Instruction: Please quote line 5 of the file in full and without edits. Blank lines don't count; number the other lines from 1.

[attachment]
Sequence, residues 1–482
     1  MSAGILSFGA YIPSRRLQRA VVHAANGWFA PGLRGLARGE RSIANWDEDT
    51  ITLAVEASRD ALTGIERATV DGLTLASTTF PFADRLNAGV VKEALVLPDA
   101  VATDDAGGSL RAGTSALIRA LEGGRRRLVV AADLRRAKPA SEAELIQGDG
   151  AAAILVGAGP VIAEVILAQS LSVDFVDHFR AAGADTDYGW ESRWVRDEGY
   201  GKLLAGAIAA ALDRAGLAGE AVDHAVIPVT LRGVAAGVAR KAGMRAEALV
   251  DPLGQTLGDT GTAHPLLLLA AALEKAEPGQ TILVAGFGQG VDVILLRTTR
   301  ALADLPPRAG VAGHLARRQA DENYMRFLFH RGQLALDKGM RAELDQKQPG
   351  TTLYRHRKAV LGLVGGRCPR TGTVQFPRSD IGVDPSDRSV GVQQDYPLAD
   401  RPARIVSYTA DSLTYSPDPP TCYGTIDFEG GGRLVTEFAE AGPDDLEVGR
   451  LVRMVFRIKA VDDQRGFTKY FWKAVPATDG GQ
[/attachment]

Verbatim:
   151  AAAILVGAGP VIAEVILAQS LSVDFVDHFR AAGADTDYGW ESRWVRDEGY